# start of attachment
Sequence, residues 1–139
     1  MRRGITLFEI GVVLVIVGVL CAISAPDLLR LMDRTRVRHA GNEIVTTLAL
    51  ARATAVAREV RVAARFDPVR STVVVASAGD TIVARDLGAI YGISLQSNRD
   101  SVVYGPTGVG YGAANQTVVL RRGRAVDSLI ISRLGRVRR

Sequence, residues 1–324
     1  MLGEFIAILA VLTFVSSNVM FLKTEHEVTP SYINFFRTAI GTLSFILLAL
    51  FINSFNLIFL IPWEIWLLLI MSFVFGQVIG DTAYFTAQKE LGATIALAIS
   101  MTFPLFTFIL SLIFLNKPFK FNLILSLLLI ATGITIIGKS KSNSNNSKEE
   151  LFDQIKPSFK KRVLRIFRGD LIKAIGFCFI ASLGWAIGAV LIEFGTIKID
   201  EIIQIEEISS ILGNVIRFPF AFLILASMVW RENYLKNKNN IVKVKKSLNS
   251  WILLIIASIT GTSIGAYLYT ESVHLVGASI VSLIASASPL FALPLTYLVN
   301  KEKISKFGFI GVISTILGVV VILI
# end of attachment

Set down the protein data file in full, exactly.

Sequence, residues 1–139
     1  MRRGITLFEI GVVLVIVGVL CAISAPDLLR LMDRTRVRHA GNEIVTTLAL
    51  ARATAVAREV RVAARFDPVR STVVVASAGD TIVARDLGAI YGISLQSNRD
   101  SVVYGPTGVG YGAANQTVVL RRGRAVDSLI ISRLGRVRR

Sequence, residues 1–324
     1  MLGEFIAILA VLTFVSSNVM FLKTEHEVTP SYINFFRTAI GTLSFILLAL
    51  FINSFNLIFL IPWEIWLLLI MSFVFGQVIG DTAYFTAQKE LGATIALAIS
   101  MTFPLFTFIL SLIFLNKPFK FNLILSLLLI ATGITIIGKS KSNSNNSKEE
   151  LFDQIKPSFK KRVLRIFRGD LIKAIGFCFI ASLGWAIGAV LIEFGTIKID
   201  EIIQIEEISS ILGNVIRFPF AFLILASMVW RENYLKNKNN IVKVKKSLNS
   251  WILLIIASIT GTSIGAYLYT ESVHLVGASI VSLIASASPL FALPLTYLVN
   301  KEKISKFGFI GVISTILGVV VILI